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BL CK B X: All you need’s an excuse
London Community Video Archive

Wed 25 Sep - Sat 2 Nov 2019 / Wed-Sat, 12pm-5pm

LUX, Waterlow Park Centre, Dartmouth Park Hill, London, N19 5JF

‘All You Need’s an Excuse’ is an exhibition with The London Community Video Archive (LCVA), an organisation set up in 2016 to preserve, archive and share community videos made in the 1970s/80s in London and the South East. LUX has invited the LCVA to present videos from the archive selected by local community and activist groups. For community video projects, creating spaces where videos can be screened and the audience are able to share and reflect on their experiences is as integral to the process as making the video. The videos on show have been chosen by community and campaign groups local to LUX for their continuing relevance. Alongside the screenings and events programme, the library at LUX will function as a space to view other videos and ephemera from the archive.

The exhibition’s title “All You Need’s an Excuse” is the name of a film made by Liberation Films, a community film and video group that ran from 1969 to 1980 in North London. The film, made in 1972, follows the actions and impact of a community group based on the opposite side of Hampstead Heath to LUX. Exemplary of community video projects, the film functions as both a document of how the group worked together to clear and occupy unused private land for use as a safe play space, and as an invitation to its viewers to carry out similar projects. Similarly, it is the intention of the exhibition to create a space for action, reflection and discussion.

This project is supported by the BFI Film Audience Network as part of Changing Times: Shifting Ground.

Join us on Sunday 29th September at LUX, 2-4pm, to mark the Exhibition Opening with members of participating community groups and LCVA video makers.

Image: The Big Red Van - Inter-Action, 1974. Video still courtesy of London Community Video Archive (LCVA).

About

London Community Video Archive (LCVA)

Based at Goldsmiths, University of London, the London Community Video Archive (LCVA) preserves, archives and shares community videos made in the 1970s/80s in London and the South East. Portable video recording — now a technology routinely embodied in smartphones — became available for the very first time back in the early 1970s, making it possible for individuals and communities to make their own television. The medium was taken up by people ignored or under-represented in the mainstream media – tenants on housing estates, community action groups, women, black and minority ethnic groups, youth, gay and lesbian people and people with disabilities. With an overriding commitment to social change and combating exclusion, community video responded to issues which still have a contemporary resonance —housing, safe play, women’s rights and discrimination.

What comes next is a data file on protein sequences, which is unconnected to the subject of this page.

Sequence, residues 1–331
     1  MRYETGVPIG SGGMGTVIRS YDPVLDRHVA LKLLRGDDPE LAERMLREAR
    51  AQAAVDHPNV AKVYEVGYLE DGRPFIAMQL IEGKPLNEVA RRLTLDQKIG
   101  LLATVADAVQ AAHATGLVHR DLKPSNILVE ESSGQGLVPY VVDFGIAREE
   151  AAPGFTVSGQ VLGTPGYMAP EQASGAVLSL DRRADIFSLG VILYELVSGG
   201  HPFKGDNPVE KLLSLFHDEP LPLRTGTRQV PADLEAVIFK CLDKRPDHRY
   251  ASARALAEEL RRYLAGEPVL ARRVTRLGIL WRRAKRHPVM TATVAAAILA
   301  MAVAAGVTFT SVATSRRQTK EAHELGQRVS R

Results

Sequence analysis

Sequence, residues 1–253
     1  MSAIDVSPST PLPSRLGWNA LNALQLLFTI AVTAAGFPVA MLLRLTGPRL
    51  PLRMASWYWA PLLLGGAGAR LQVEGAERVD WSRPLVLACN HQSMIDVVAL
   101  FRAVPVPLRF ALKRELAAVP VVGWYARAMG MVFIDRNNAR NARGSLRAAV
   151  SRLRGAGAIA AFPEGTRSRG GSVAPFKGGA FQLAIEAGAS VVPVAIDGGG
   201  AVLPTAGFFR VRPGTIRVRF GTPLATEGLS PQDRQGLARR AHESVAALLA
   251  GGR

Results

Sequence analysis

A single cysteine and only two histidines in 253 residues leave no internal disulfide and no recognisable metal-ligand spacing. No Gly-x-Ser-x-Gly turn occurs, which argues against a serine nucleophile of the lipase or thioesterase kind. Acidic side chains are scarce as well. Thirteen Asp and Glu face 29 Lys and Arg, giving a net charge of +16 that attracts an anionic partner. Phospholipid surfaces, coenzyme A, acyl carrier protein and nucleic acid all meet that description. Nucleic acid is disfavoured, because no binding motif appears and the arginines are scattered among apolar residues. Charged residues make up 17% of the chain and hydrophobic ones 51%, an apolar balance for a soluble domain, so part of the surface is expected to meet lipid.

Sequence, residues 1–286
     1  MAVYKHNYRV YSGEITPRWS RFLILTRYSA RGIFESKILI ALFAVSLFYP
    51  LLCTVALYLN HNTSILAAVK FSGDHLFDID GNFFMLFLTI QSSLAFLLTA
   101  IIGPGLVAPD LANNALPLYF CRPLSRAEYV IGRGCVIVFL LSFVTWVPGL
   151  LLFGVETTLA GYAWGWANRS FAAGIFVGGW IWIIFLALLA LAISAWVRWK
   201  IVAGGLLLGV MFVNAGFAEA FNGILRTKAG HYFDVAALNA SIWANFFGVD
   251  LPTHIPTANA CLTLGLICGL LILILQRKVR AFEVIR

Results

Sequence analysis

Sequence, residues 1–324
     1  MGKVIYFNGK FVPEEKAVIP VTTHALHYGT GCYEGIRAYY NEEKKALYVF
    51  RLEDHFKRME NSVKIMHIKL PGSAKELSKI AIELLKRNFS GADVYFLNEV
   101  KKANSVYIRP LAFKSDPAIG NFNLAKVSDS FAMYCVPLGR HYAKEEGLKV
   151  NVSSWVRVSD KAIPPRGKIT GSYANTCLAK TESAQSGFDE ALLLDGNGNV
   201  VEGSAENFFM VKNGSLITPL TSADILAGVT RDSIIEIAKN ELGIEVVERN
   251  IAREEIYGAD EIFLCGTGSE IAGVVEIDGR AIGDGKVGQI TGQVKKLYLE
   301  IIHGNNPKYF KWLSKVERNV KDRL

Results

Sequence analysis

Exhibition collaborators

North East London Migrant Action (NELMA)

NELMA brings together activists from across London to campaign on issues faced by migrants in vulnerable positions in our communities. As a network of volunteers that aims to centre the experiences and amplify the voices of migrant people, NELMA challenges injustices towards families with no recourse to public funds (NRPF), through our Section 17 Accompanying Scheme, and active campaigns. NELMA’s current campaign focuses on free school meals (FSM) for all children, regardless of immigration status. Between 2016-2017, NELMA coordinated a campaign against the Home Office’s policy of detaining and deporting EEA national rough sleepers. They hold regular general meetings and Section 17 Accompanying Scheme trainings.
Based in Kentish Town, the Crossroads Women’s Centre brings together women from different ages, backgrounds and communities to share experiences, and learn from and support each other. The Centre is run by Crossroads Women as a disability-accessible, multi-racial, community resource. It is a place of safety for vulnerable and low-income women. Men ready to work, with women, in a mutually supportive way are also welcome.

Mosaic LGBT Youth Centre supports, educates and inspires young lesbian, gay, bisexual and trans community of London age thirteen to nineteen. We do it through delivering outstanding, young person focused services that are designed in full co-operation with our members.

The Gate is an arts and resource centre for people with learning disabilities based in Shepherds Bush, London. As well as being a drop-in centre for people to chat and socialise, they also host art sessions and experimental music workshops. The Gate is the home of Videodrama and is where the psychedelic improv group Jamaica!! formed.